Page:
Q&A: Lita Judge

There are a lot of wonderful writers living in our state. As the Director of the NH Center for the Book  I get the opportunity to talk to many of them. This interview series of Q&As with New Hampshire authors here on Book Notes lets me share that experience a bit with my blog readers.
Lita Judge and friends
    If someone hasn't read your  work yet, where should they start?
    I write and illustrate both fiction and nonfiction picture books, so if a new reader wants to explore fiction, I’d answer Red Sled. For non fiction, I’d say Bird Talk. 
    When did you first think of  yourself as a writer?
    I guess it wasn’t until I published my first book, One Thousand Tracings. I had written in journals throughout my life, but thought of myself as an artist only because that is how I made my living. After writing my first book, I knew writing was just as much a part of my work as creating art and that I would continue to create stories.
    How did you end up living in NH?
    I had always lived in the west and had spent very little time on the east coast. Then my husband and I traveled to Boston for the first time in 2002 and flew into the Manchester airport. Though it was a work trip with most of our time spent in Boston, we took a weekend to explore NH. One of my favorite painters, Abbot Thayer, had lived here in the early 1900’s and I wanted to explore the landscapes he had painted. We had such a lovely time that weekend, we decided to move here immediately. We flew home, put our house up for sale, packed the U-haul, and were headed back to NH by the end of that week! I had spent a total of 2 days in NH, but our instincts were right. We love the natural beauty of the land and the people here, and will spend the rest of lives here. Now we have a wonderful red house in the woods outside Peterborough with a big studio that looks like a barn on the outside.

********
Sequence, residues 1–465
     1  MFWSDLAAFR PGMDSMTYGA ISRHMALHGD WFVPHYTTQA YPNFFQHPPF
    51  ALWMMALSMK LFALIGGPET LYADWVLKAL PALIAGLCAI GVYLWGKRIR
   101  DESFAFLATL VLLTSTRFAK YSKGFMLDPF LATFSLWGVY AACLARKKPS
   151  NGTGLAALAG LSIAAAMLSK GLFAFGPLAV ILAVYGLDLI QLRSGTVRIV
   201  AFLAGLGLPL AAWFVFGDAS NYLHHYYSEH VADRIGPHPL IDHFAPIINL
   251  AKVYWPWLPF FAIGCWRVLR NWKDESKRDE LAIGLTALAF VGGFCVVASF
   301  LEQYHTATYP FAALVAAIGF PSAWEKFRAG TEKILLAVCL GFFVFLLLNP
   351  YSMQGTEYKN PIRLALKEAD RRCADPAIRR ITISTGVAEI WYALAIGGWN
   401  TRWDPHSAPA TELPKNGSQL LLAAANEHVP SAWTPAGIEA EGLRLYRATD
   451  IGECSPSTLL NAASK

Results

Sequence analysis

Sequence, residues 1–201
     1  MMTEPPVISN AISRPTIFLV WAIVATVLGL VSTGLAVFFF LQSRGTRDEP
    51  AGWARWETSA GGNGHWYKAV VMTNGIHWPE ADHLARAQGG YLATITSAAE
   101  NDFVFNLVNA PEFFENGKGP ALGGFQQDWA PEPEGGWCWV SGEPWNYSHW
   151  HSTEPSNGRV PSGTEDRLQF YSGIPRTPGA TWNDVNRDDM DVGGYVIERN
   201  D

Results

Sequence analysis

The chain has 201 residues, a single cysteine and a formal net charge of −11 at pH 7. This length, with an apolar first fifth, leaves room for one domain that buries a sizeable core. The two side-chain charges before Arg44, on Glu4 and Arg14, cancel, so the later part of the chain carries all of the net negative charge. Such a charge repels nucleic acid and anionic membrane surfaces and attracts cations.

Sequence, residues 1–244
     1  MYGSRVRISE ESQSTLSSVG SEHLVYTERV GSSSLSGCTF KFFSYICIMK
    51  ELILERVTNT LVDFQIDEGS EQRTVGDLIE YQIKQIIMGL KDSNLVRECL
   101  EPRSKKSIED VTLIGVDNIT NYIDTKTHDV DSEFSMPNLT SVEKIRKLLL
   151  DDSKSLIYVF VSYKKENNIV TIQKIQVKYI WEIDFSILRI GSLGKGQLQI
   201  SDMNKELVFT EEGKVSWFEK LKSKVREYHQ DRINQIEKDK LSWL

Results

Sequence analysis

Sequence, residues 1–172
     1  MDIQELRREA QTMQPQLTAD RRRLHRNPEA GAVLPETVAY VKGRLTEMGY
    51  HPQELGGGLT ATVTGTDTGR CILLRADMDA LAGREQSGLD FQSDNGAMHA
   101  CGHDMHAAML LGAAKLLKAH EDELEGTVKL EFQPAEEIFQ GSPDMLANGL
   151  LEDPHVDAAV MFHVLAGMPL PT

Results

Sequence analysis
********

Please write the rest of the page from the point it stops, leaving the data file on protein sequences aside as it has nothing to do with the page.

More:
Lita in her studio
     Where do you like to write? 
    Where doesn’t matter for writing, as long as I have a cat on my lap and an idea in my heart. I always paint at my easel by the huge north light window in my studio. But for writing, I float around the house and porch choosing whichever spot looks comfy. I also love writing in my sketchbook/journal on travels.
At her easel
    How important is place in  your writing?
    A sense of place is hugely important in both my writing and my artwork. When creating a story, even one straight from my imagination, I want a feeling that you could get a ticket and go there. I think all my experiences traveling, writing, and painting on location have instilled a great sense of place in my work. Characters just don’t come alive to me until I’ve established where they live and play and imagine.

    What do you do when you aren't writing?
    I paint, and paint, and paint. Sometimes I stop to play with my parrot and cats, build a pot out of clay, or go for a hike with my husband, but I love creating and spend most of my waking time (and dreaming time as well) painting and writing. Even when traveling to places I love, I spend most of my time painting and writing in my journal, capturing everything I see and experience.